Barbarella (1968)
Director: Roger Vadim

The justification here is simple: Barbarella and its star, Jane Fonda, are sexy as hell. While the movie itself is little more than B-cinema camp, it's replete with Fonda holding guns and kicking ass in a plethora of hardly-there space outfits. Imagine flipping through an intergalactic Victoria's Secret catalog for 90 minutes.

Fortunately with Barbarella, those Austin-Powers-"Randy!" feelings will kick in before the film’s opening credits are over. Barbarella famously begins with Fonda floating around while wearing a Versace-lite spacesuit, and then she starts disrobing until she’s spinning naked in mid-air. It's hot enough to get any sci-fi lover going.

Enter the Void (2009)
Director: Gaspar Noé
Stars: Nathaniel Brown, Paz de la Huerta, Cyril Roy, Ed Spear

The best way to experience Gaspar Noé's Enter the Void for the first time is, let's be real here, under the influence. Visually-stunning, next-level, and shot completely in first-person, it's a nearly three-hour cinematic LSD trip, and it's a truly remarkable piece of filmmaking.

To be fair, though, it's really all directorial technique and very little acting strength. As the afterlife-inhabiting protagonist, Nathaniel Brown is mostly a non-entity; as his troubled sister, Paz de la Huerta gives a drugged-out looking performance, which is to say, not a good one. So watching Enter the Void doesn't require you to pay attention as if it's a David Lynch film. You can just bask in its visual grandeur.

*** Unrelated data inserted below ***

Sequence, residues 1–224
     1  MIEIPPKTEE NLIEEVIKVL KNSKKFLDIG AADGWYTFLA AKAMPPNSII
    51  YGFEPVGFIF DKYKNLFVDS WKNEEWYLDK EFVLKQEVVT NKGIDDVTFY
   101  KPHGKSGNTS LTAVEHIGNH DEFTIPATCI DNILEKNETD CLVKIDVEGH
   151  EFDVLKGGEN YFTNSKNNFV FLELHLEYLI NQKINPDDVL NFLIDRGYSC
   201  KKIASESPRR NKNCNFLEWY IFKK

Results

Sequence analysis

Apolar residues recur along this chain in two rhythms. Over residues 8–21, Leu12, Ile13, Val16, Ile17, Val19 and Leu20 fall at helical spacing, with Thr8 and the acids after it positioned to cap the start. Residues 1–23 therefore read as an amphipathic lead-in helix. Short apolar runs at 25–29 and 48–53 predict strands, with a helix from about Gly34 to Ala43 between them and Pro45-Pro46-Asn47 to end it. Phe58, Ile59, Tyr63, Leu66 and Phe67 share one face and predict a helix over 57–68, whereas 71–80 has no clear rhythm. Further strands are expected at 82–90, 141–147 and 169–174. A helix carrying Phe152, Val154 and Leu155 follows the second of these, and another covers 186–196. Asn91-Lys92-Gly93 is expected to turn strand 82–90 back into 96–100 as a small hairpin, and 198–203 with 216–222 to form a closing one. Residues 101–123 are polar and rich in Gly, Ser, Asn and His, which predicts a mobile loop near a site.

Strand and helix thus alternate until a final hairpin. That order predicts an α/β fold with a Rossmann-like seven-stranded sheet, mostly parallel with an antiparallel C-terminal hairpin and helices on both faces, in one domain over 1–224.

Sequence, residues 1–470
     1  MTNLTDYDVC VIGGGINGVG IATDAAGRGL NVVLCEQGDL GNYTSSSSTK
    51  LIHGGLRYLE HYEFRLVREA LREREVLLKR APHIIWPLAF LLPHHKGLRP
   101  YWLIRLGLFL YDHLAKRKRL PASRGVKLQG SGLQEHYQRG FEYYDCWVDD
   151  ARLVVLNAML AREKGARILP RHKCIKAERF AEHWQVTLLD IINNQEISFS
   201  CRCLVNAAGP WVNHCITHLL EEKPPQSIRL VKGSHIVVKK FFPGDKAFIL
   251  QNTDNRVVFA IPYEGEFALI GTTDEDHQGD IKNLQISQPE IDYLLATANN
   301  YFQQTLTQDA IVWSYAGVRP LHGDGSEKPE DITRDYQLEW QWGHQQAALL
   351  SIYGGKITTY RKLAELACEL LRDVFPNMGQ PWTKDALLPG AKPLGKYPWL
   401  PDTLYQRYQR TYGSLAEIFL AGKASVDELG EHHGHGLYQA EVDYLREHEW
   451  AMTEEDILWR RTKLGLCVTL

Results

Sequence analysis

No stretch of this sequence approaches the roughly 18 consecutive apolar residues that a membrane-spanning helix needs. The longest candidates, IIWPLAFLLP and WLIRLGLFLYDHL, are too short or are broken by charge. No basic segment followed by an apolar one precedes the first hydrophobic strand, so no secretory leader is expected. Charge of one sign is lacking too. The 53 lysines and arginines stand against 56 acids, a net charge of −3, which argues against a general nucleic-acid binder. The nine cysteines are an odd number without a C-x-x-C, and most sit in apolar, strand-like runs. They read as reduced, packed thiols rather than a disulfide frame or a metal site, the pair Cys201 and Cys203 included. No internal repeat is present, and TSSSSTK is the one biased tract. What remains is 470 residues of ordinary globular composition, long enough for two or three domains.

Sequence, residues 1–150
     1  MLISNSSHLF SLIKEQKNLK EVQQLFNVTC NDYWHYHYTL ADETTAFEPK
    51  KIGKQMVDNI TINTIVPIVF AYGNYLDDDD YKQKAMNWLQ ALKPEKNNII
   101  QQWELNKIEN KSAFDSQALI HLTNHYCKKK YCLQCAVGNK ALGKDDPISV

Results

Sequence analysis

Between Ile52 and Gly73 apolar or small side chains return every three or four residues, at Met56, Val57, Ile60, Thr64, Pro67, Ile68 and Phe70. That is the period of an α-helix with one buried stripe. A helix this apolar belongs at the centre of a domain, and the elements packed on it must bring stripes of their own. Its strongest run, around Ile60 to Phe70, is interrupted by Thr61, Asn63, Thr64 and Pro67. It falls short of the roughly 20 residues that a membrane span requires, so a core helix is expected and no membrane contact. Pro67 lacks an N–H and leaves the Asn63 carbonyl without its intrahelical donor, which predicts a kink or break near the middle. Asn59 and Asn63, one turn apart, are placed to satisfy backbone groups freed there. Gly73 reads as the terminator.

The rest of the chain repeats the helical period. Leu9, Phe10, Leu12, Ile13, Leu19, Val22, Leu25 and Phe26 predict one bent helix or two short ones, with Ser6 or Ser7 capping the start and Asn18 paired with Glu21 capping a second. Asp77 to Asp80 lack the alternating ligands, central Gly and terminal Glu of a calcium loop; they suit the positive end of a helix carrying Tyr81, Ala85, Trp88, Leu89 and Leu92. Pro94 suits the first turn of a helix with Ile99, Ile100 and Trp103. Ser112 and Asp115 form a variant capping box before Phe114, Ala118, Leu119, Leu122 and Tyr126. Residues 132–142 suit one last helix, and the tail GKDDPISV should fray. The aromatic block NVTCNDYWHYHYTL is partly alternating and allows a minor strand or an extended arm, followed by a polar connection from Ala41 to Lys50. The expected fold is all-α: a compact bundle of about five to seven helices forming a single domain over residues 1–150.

Meaning, it's tailor-made to be a kind of moving art installation that's coloring the room as you "Netflix and chill." The third act's risqué Tokyo "love hotel" sequence is not to be missed.

Serena (2014)
Director: Susanne Bier

By the looks of it, Serena is a movie recommendation no-brainer. Who wouldn't watch a movie starring Jennifer Lawrence? Add Bradley Cooper as her love interest, realize that it's not the overrated wannabe-Scorsese flick American Hustle and that its romantic edge means it might be as good as Silver Linings Playbook, and the two of you are primed for some quality movie watching.